From queer text study and institutional inclusion to profiles of queer clergy and youth voices, the Keshet blog features new ideas and reflections by and for LGBTQ Jews and their allies. The blog is produced by Keshet, a national organization with offices in the Bay Area, Boston, and New York that works for full LGBTQ equality and inclusion in Jewish life.
This year has been quite the journey. Here at Keshet, we’re reflecting on all we’ve learned and the stories we’ve shared. Below you’ll find our top ten blog posts of 2016. Here’s looking at you, 2017.
In the wake of the Orlando attack, Rabbi Shai Held shares words of support with the LGBTQ community: “No amount of hatred or bigotry can ever change that simple but stunning fact: As a human being, you matter, and matter ultimately.”
“More than anything the AHA community has done for me, it has taught me that being queer doesn’t exclude me from practicing Judaism, but rather that I should feel encouraged to find my own connection to the culture.”
“We are two women who for very similar (yet different) reasons are starting off envisioning and planning our wedding without the history of years and years of tradition to tell us what to do. We both have our relationships with the faiths that we grew up in, the ideas of God that we grew up with, and our family and friends, and all of them have loud and insistent voices. Whether we allow those voices that speak in shame and judgment in or not, they are all coming to this party.”
Raffi, a Jewish woman, is the first openly transgender member of staff at the White House: “As a Jewish person of color, I’m grateful that Keshet takes seriously diversity, inclusion, and fighting for social justice for all people. I’m hopeful that Keshet will maintain this intersectional approach to so many key issues facing the LGBTQ community and be informed by the Jewish values that underscore so many of its successes.”
Luzer Twersky is an actor who plays Mendel in Season Two of Amazon’s hit television show “Transparent.” He grew up in an insular Hasidic community in Brooklyn, which he left in his early 20s.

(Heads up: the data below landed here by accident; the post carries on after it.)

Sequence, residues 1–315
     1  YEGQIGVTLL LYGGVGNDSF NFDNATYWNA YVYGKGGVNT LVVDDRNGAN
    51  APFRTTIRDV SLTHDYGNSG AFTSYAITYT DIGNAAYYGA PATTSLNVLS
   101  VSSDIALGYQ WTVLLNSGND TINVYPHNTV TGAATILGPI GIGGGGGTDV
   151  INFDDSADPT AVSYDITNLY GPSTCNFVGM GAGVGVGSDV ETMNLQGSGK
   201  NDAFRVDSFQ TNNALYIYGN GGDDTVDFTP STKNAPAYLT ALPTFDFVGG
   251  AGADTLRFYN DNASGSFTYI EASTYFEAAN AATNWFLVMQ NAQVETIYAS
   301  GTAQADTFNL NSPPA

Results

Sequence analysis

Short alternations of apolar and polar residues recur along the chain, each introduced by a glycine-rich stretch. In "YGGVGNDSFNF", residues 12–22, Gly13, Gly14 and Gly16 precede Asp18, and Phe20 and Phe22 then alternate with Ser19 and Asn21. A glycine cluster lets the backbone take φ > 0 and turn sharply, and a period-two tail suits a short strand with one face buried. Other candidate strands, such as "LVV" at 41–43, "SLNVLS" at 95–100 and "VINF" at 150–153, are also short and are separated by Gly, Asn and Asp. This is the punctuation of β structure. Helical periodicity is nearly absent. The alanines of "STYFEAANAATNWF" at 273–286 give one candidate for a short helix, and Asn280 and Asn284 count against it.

“Elul arrives again and my heart is stirred by the full potential of what lies ahead. So, here are my goals for 5777: Be the very best husband and father I can be. Be present for my life partner and for my children. Listen to them carefully. Understand not only their words but the context of those words, the meaning behind them, the emotion in which they are presented. Try harder and harder even when I feel I can’t do any better.”
“During the first year, we cancelled the Bar Mitzvah that was fast approaching. This was a huge loss for us, because we did not think we could get her to do a Bat Mitzvah. She spent a great deal of time being angry with God. As happiness set in, confidence continued to grow, and support continued to flow from our Jewish community, Lily announced that it was time to start scheduling her Bat Mitzvah.”
“I’m writing this as the father of a transgender child, who feels constricted in a space too narrow to accept my child and so many of God’s children as equals. I’m also frustrated, as someone who identifies as some version of traditional, at how small we have made the Torah and the limits that we have put on God and holiness. It’s my intention that by expanding Torah thoughts we can get closer to understanding how big and inclusive the Torah really is.”
“When I first started f.em.inist (in 2012, I think), it was mainly a safe space for me to rant about the middle schoolers who picked on me because I was always making comments about how something was racist or sexist or homophobic.”
“My personal googling project became bigger when I realized that likely I wasn’t the only one on a mad Google hunt. This needed to be easier for all of us. No Jew should need to spend hours on the Internet to feel like they might belong. So, I reached out to the Jewish Multiracial Network and proposed a collaboration to pull together all the resources we could find for LGBTQ Jews of color to make that search just a little easier.”
Pronounced: khah-SID-ik, Origin: Hebrew, a stream within ultra-Orthodox Judaism that grew out of an 18th-century mystical revival movement.
Pronunced: TORE-uh, Origin: Hebrew, the Five Books of Moses.